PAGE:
With such excellent credentials, I can understand why my hon. Friend asks what the Government are doing to support Special Olympics GB, and to help make its good work go further. My Department and this Government support its work and will continue to do so. I will certainly use my good offices to ensure that he gets the meetings that he needs to increase awareness of Special Olympics GB in government, and to get any support that he feels is necessary for this important part of British sport.

As my hon. Friend knows, Sport England’s aim is to grow and sustain participation in grass-roots sport. Central to its work is the £480 million it invests directly through the 46 national governing bodies of sport. Disability provision is woven into the work of the national governing bodies, so part of that investment will contribute to increasing disability participation in sport. The approach is entirely inclusive and looks to offer opportunities for everyone to participate in sport, regardless of their gender, disability or ethnic background. Sports are tailored to meet the specific needs of those groups of people, so they are not separated out from other participants, and that helps to increase accessibility.

To help build capacity and expertise in disability sport, Sport England and the national governing bodies work with the English Federation of Disability Sport. As the umbrella organisation for disability sport, it has responsibility for the promotion and development of sporting opportunities for the 11 million disabled people in England, by providing expertise and advice and by bringing together eight national disability sport organisations recognised by Sport England, one of which is Special Olympics GB.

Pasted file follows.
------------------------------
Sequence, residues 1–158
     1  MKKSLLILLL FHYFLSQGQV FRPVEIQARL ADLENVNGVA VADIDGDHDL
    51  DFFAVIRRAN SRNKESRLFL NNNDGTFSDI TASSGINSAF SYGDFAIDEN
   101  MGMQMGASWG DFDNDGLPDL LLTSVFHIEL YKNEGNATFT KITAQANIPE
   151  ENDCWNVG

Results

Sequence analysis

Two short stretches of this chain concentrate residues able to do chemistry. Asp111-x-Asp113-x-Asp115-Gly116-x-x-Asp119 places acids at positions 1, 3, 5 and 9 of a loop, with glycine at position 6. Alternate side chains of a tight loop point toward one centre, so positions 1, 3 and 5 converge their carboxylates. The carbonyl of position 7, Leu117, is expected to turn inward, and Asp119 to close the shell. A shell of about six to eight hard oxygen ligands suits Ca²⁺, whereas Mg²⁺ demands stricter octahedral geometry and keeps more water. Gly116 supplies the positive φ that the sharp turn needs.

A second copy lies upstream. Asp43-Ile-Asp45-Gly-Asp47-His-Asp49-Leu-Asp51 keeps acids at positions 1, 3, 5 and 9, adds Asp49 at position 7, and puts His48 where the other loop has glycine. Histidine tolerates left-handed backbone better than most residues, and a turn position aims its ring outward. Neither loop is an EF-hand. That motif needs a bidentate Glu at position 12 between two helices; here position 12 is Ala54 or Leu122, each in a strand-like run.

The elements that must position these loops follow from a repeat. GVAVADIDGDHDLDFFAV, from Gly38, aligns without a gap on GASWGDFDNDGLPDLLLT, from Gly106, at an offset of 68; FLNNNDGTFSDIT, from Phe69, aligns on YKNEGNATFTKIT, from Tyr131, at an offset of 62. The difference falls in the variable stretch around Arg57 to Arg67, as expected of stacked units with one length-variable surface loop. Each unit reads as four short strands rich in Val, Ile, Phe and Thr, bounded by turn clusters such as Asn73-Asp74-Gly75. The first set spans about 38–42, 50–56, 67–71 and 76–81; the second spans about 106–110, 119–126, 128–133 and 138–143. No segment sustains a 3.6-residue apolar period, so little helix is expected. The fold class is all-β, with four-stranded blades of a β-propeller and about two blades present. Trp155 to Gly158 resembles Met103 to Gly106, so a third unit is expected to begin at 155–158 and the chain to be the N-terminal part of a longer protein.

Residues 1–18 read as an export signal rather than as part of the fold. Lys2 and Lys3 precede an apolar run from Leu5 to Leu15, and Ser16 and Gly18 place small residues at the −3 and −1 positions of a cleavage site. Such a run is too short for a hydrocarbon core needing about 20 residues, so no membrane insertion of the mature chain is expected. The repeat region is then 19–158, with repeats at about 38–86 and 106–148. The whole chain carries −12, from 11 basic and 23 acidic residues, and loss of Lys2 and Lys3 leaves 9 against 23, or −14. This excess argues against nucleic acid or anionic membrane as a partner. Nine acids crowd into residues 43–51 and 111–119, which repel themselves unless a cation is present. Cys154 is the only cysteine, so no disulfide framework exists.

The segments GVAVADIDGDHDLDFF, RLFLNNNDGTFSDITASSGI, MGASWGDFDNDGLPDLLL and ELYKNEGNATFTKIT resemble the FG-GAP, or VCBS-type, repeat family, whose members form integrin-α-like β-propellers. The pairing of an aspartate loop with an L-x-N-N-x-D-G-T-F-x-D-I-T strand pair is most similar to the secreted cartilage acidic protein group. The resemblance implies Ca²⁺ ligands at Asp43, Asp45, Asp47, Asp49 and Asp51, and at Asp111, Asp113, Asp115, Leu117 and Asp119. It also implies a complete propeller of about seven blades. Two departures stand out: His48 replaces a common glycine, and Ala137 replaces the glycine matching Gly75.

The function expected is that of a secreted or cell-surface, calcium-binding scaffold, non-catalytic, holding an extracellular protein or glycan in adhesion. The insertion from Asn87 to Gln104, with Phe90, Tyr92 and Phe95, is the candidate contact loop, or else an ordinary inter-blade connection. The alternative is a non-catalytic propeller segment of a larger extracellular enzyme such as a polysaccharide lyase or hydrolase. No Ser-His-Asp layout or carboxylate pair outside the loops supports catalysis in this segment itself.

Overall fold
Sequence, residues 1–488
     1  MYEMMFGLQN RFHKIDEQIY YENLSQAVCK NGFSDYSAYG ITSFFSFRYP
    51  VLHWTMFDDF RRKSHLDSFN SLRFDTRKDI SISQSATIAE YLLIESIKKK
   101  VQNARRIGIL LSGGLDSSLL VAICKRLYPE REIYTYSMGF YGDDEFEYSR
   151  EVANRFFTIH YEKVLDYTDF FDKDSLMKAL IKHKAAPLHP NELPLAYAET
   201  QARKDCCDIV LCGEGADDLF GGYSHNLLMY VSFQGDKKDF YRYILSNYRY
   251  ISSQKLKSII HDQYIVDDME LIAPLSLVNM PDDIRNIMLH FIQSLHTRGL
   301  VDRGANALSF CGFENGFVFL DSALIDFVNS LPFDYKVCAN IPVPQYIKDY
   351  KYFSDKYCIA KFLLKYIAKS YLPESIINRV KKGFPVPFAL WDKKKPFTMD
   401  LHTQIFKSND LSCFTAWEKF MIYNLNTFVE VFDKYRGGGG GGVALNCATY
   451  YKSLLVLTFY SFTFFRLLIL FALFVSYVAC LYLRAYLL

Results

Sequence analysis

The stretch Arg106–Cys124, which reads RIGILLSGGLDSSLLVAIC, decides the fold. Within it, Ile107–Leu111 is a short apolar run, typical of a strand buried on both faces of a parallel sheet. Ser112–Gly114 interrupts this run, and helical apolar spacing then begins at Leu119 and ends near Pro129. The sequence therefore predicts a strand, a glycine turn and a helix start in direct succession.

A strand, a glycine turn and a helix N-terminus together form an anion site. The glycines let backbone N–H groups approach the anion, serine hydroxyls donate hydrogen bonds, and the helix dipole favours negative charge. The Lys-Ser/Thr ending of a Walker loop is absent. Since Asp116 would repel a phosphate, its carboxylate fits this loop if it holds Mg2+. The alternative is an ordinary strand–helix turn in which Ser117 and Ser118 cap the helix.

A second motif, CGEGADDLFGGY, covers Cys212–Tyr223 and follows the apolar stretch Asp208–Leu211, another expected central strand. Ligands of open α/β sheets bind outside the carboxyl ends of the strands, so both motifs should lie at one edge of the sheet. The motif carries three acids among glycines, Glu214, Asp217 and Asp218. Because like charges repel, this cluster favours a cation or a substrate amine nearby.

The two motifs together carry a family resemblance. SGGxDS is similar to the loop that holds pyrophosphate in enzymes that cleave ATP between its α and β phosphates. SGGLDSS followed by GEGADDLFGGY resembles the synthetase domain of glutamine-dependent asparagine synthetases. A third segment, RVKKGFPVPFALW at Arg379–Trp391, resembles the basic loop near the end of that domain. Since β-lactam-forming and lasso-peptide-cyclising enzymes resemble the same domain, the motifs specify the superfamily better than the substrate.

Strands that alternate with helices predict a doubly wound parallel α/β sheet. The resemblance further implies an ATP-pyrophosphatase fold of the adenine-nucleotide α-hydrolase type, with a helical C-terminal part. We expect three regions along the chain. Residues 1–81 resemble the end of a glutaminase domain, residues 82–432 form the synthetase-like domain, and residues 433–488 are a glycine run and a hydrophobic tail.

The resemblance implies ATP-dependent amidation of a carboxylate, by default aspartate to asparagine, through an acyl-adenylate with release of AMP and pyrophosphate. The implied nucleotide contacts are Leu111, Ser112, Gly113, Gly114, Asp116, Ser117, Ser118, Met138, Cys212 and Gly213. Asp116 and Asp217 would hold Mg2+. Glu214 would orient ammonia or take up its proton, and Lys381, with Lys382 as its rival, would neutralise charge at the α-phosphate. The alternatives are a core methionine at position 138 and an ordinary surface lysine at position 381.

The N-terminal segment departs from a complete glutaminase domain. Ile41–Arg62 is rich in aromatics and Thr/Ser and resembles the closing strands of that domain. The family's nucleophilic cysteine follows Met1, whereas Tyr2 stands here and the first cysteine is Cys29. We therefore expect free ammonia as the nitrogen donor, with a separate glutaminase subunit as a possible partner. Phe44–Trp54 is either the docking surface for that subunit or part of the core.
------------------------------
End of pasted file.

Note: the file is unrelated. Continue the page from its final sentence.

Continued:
I was delighted to hear today’s announcement by Sport England—perhaps it was not unrelated to this debate—that it will, for the first time, directly fund disability sports organisations to advise, support and guide other sports bodies as they create opportunities for participation by disabled people.

To complement that core investment, Places People Play is Sport England’s mass participation legacy initiative that will bring the magic of the London games into the heart of local communities, and that includes a specific focus on disability. Furthermore, the school games will offer meaningful competitive sporting opportunities to young people with both physical and learning disabilities at every level.

A lot of work is going on in many places to help get people with disabilities, including learning disabilities, into grass-roots sport. A lot is also going on at the top-end of sport, too. When we won the right to host the Olympic and Paralympic games in London in 2012, UK Sport became clearly focused on achieving performance and medal success. That investment strategy was limited to the Olympic and Paralympic summer sports. However, the International Paralympic Committee General Assembly agreed in November 2009 to include, once again, learning disabled participants in IPC